Publication date: 1997
Claire and Dora Williamson are wealthy British women using their inheritance to travel the world in the early 1900s. Like many people of the time they are convinced that they could be in better health and like many women, with so little understanding of their own bodies, they believed that the slightest discomfort was indicative of a greater disorder. To that end they abandoned traditional medicine (which was still in its infancy) and embraced holistic medicine and non-traditional cures. While visiting the Pacific Northwest they learned of a doctor promoting fasting as a cure for virtually every disease.
According to Dr. Linda Hazzard her protocol of prolonged fasting combined with enemas and vigorous massage would clear the body of all its toxins and allow a return to optimal health. In response to Dora Williamson’s questions about her own condition Hazzard replies that her treatment will cure both she and her sister. The women sign-up and after a stay of some weeks in an apartment in Seattle they are moved to Hazzard’s home in Olalla, a small isolated town. By this time both women are severely malnourished but refuse to quit fasting, continuing to believe Hazzard’s claims. It is only when their childhood nurse, Margaret Conway, arrives from Australia to discover Claire is dead that Dora is removed from Hazzard’s home. Soon, Hazzard is under scrutiny not just for her so-called cure and a patient’s death but for financial improprieties that come to light both in her present life and past.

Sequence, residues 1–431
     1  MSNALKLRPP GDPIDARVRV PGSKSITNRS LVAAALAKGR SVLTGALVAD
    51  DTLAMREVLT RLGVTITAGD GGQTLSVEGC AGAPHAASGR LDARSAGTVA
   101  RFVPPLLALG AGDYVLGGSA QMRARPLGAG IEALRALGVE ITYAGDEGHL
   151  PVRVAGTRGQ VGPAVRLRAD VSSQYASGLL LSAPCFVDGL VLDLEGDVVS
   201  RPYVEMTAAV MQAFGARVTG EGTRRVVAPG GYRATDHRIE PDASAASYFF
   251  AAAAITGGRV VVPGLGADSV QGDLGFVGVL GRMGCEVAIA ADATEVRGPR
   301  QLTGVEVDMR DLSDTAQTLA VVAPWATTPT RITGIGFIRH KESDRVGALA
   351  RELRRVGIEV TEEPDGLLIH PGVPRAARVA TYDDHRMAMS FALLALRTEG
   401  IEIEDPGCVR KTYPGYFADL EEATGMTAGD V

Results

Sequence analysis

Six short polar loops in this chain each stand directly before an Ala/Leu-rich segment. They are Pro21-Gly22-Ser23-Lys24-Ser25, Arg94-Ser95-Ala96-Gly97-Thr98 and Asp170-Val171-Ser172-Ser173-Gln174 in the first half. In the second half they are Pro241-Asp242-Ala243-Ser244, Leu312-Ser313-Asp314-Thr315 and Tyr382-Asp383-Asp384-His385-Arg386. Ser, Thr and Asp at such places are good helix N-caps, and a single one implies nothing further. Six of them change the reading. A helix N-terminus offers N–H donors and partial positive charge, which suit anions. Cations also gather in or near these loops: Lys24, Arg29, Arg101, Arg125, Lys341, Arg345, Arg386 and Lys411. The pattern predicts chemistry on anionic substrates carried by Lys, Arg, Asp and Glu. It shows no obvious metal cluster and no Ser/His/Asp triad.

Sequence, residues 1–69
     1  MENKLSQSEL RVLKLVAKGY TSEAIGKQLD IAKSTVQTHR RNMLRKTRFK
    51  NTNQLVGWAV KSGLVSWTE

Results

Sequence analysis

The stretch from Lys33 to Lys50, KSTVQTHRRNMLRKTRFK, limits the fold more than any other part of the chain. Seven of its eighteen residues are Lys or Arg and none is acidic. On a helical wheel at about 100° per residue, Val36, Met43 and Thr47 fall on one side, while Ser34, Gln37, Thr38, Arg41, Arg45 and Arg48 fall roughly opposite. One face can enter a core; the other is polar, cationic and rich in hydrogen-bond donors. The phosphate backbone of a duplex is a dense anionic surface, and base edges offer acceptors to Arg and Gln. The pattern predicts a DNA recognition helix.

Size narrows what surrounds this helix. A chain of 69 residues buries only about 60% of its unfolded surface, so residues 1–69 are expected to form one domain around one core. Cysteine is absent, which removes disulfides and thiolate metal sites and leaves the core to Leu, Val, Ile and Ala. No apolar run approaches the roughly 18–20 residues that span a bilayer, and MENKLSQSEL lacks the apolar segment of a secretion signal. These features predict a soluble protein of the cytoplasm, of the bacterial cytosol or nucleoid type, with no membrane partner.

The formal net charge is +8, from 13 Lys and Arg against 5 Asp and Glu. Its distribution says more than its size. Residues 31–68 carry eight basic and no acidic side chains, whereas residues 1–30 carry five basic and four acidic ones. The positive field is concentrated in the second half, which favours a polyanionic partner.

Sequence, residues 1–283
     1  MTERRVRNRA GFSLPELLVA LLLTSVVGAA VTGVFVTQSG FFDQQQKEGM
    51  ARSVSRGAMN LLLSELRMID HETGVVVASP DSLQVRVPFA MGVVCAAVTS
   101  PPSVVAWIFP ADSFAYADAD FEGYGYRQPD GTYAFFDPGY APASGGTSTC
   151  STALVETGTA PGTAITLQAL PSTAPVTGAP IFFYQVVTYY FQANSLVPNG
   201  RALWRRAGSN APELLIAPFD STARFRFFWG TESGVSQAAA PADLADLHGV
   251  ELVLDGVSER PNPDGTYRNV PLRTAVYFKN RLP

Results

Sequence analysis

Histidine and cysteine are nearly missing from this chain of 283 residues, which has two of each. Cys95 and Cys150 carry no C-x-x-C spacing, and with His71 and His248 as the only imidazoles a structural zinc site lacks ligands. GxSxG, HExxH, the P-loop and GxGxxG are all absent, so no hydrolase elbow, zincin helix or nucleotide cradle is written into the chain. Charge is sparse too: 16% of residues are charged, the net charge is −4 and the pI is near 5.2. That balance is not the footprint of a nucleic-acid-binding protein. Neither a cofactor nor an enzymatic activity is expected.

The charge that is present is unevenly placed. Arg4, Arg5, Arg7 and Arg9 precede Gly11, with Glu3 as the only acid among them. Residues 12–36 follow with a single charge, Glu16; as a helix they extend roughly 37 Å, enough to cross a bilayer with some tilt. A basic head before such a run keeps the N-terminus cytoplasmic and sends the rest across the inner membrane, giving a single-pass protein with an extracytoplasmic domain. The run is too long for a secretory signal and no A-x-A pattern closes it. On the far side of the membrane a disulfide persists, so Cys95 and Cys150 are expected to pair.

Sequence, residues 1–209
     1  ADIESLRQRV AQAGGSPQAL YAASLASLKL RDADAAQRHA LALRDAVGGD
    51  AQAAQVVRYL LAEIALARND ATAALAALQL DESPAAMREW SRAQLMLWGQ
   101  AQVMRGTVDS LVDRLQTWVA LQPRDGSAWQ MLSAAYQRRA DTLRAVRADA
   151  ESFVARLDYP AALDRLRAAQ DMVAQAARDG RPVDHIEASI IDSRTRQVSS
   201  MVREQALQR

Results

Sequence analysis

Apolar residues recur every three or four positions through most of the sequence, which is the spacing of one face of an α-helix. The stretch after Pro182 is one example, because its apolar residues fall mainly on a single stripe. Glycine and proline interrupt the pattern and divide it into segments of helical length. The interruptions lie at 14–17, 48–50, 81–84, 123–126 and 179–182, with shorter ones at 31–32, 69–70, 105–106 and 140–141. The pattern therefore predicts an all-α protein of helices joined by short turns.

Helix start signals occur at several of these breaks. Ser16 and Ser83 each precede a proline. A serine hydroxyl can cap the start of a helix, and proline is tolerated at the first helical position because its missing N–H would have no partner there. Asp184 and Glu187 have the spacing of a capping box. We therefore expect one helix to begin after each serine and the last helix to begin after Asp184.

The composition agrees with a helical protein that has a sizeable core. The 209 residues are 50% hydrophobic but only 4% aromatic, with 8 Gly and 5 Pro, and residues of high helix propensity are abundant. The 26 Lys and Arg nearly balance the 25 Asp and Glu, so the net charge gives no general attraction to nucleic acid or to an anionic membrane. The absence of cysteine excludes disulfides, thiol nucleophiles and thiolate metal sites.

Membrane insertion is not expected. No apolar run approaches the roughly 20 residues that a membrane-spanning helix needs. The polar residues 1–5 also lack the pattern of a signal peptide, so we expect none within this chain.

Journalist Gregg Olsen captures the plight of the gullible Williamsons and the resulting furor when one of the sisters dies from the treatment in Starvation Heights: A True Story of Murder and Malice in the Woods of the Pacific Northwest. Despite the death of Claire and rescue of Dora occurring early in the book, he keeps readers reeled in with the details of Hazzard’s life, the life of her dashing but untrustworthy husband, and the resultant trial after Claire’s death. What is most surprising in the book is how long it takes to prosecute Hazzard and the end result of the trial. At the very least, readers get a clear cut portrait of a woman (not even a medical doctor after all) who, using a combination of charisma and bullying, manages to thwart all attempts to bring her to justice. Given modern day technology in the medical and criminal investigative world it is difficult to believe this was not an open and shut case but there was no such technology in 1911—there was no way to even track a person’s crimes from state to state. It is this fact and Hazzard’s ability to twist the truth to suit her own purposes that make Starvation Heights a filling read.